It has been known for some time (DJ Finney, J. Roy. Stat. Soc. Suppl. 7:155–161, 1941) that transformation of an arithmetic data set to logarithms results in biased estimates when predicted values from a leastsquares regression are detransformed back to arithmetic units. Predicted values are estimates of the geometric mean of the dependent variable at that value of the independent variable, rather than the arithmetic mean. Since the geometric mean is always less than the arithmetic mean, detransformed predictions will underestimate the value in question. This bias affects the interpretations of allometric equations used for estimation, such as predicting fossil body mass from skeletal dimensions, and applications of allometry as a “criterion of subtraction,” in which residual variation is evaluated.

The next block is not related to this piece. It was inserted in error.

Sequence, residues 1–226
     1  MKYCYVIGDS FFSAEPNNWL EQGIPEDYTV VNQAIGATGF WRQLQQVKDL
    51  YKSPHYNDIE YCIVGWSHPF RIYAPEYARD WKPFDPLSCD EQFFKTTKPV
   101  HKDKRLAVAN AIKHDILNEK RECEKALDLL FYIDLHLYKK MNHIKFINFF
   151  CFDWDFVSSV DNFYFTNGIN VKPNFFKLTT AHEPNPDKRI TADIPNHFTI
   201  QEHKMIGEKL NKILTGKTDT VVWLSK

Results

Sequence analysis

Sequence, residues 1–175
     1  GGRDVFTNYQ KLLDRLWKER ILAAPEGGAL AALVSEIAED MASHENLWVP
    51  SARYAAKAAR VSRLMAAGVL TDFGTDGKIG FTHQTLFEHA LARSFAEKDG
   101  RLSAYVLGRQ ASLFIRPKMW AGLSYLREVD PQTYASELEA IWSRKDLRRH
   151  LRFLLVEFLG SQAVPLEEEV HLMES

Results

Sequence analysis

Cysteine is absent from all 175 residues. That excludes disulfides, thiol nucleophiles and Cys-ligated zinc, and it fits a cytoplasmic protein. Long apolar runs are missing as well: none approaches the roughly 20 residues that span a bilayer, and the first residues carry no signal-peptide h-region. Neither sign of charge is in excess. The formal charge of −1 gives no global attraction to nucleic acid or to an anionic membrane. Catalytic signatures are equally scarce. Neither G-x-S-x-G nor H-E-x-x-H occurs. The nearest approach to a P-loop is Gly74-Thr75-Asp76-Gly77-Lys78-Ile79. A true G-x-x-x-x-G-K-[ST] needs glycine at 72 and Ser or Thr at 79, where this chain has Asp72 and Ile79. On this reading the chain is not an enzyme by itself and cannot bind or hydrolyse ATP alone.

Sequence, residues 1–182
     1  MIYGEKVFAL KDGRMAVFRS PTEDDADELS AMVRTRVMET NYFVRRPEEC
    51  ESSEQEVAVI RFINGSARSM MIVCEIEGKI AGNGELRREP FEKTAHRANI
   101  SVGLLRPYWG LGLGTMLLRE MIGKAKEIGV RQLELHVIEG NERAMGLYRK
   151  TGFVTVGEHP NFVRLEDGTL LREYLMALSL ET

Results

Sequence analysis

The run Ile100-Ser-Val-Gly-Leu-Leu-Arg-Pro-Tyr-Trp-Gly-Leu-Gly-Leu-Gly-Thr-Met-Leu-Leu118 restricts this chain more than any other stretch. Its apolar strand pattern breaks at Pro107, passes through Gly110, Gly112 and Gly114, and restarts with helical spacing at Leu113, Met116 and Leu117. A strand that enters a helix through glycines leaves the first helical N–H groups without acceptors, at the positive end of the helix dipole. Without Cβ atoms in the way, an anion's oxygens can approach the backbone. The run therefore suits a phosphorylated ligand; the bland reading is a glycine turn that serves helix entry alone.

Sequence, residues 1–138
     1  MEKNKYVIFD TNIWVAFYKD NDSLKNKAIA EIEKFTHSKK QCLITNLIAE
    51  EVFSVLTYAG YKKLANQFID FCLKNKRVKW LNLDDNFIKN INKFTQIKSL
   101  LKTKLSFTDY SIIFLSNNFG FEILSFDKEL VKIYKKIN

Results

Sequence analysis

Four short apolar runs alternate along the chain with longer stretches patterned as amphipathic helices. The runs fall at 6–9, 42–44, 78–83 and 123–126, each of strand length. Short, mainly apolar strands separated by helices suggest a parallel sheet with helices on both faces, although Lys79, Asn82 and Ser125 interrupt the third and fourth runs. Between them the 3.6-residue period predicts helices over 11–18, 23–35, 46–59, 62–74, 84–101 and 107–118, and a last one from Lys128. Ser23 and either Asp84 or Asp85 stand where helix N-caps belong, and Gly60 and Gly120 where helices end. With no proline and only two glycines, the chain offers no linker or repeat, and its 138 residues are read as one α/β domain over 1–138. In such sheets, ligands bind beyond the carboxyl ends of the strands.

A number of parametric and nonparametric corrections for transformation bias have been developed. Although this problem is relatively unexplored in mammalian morphometrics, it has received considerable attention in other disciplines that use power functions structurally identical to the allometric equation. Insights into transformation bias and the use of correction terms from economics, limnology, forestry, and hydrology are reviewed and interpreted for application to mammalian allometry. © 1993 Wiley-Liss, Inc.